Sandra Day O'Connor

Justice O'ConnorSandra Day O’ConnorO'ConnorJustice Sandra Day O'ConnorJustice O’ConnorJustices O'ConnorSandra Day O'ConnerO’ConnorDay O'Connor JJustice O'Connor,
Sandra Day O'Connor (born March 26, 1930) is a retired Associate Justice of the Supreme Court of the United States, who served from her 1981 appointment by President Ronald Reagan until her retirement in 2006.wikipedia
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Associate Justice of the Supreme Court of the United States

Associate JusticeJusticeAssociate Justice of the Supreme Court
Sandra Day O'Connor (born March 26, 1930) is a retired Associate Justice of the Supreme Court of the United States, who served from her 1981 appointment by President Ronald Reagan until her retirement in 2006.
The title was shortened to "Justice" in 1980, a year before Sandra Day O'Connor became the first female justice.

Planned Parenthood v. Casey

Planned Parenthood of Southeastern Pennsylvania v. CaseyPlanned Parenthood of Southeastern Pa. v. CaseyCasey
She also wrote in part the per curiam majority opinion in Bush v. Gore, and was one of three co-authors of the lead opinion in Planned Parenthood v. Casey.
In a plurality opinion jointly written by associate justices Sandra Day O'Connor, Anthony Kennedy, and David Souter, the Supreme Court upheld the "essential holding" of Roe, which was that the Due Process Clause of the Fourteenth Amendment protects a woman's right to choose to have an abortion prior to viability.

Grutter v. Bollinger

Grutterdefending affirmative actionGrutter v Bollinger
Her majority opinions in landmark cases include Grutter v. Bollinger and Hamdi v. Rumsfeld.
In a majority opinion joined by four other justices, Justice Sandra Day O'Connor held that the Constitution "does not prohibit the law school's narrowly tailored use of race in admissions decisions to further a compelling interest in obtaining the educational benefits that flow from a diverse student body."

Stanford Law School

Stanford University Law SchoolStanfordStanford Law
She continued at the Stanford Law School for her law degree in 1952.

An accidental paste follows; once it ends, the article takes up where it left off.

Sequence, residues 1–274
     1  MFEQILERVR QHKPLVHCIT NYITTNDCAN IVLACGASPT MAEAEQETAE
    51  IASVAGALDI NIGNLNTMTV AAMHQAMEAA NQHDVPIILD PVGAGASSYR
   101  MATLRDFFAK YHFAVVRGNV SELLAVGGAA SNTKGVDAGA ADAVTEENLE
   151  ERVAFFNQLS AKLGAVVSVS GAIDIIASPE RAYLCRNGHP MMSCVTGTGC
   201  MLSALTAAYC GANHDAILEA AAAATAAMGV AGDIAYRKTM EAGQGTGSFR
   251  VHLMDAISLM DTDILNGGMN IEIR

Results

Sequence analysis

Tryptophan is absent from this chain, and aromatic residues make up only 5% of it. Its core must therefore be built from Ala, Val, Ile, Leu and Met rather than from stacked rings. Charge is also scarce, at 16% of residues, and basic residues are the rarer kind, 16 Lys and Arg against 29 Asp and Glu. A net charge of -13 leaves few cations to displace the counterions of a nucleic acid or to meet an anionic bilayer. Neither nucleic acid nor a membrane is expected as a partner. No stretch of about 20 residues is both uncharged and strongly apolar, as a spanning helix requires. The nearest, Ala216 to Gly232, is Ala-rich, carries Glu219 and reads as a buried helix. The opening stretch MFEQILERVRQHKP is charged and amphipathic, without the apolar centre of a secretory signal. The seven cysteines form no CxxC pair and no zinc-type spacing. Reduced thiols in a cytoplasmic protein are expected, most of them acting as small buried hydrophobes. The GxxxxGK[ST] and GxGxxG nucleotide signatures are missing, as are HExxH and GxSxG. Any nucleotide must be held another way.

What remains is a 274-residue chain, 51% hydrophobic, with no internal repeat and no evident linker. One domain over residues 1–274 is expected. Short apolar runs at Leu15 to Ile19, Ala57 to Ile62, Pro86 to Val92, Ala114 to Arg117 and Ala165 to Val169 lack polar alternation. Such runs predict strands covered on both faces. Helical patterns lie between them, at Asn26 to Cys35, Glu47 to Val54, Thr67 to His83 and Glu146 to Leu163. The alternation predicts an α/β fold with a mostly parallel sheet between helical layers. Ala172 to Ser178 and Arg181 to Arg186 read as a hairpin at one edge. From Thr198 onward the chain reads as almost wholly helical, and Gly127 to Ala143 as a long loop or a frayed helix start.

Stanford Law alumni include several of the first women to occupy Chief Justice or Associate Justice posts on supreme courts: former Chief Justice of New Zealand Sian Elias, retired U.S. Supreme Court Justice Sandra Day O'Connor, the late Associate Justice of the Hawaii Supreme Court Rhoda V. Lewis, and the late Chief Justice of Washington Barbara Durham.

John Jay O'Connor

John Jay O'Connor IIIJohn O'Connor
On December 20, 1952 (six months after graduating from law school), she married John Jay O'Connor III, whom she had met at Stanford Law School.
John Jay O'Connor III (January 10, 1930 – November 11, 2009) was an American lawyer and the husband of United States Supreme Court Associate Justice Sandra Day O'Connor, the first woman to serve on the court.

Potter Stewart

StewartJustice StewartJustice Potter Stewart
On July 7, 1981, Reagan – who had pledged during his 1980 presidential campaign to appoint the first woman to the Court – announced he would nominate O'Connor as an Associate Justice of the Supreme Court to replace the retiring Potter Stewart.
Stewart retired in 1981 and was succeeded by Sandra Day O'Connor.

Supreme Court of the United States

United States Supreme CourtU.S. Supreme CourtSupreme Court
Sandra Day O'Connor (born March 26, 1930) is a retired Associate Justice of the Supreme Court of the United States, who served from her 1981 appointment by President Ronald Reagan until her retirement in 2006.
Sometimes a great length of time passes between nominations, such as the eleven years between Stephen Breyer's nomination in 1994 to succeed Harry Blackmun and the nomination of John Roberts in 2005 to fill the seat of Sandra Day O'Connor (though Roberts' nomination was withdrawn and resubmitted for the role of Chief Justice after Rehnquist died).

William Rehnquist

William H. RehnquistRehnquistChief Justice Rehnquist
There, she served on the Stanford Law Review with its presiding editor-in-chief, future Supreme Court Chief Justice William Rehnquist, who was the class valedictorian and whom she briefly dated during law school.
He later returned to Stanford, and graduated from the Stanford Law School in the same class as Sandra Day O'Connor, with whom he would serve on the Supreme Court.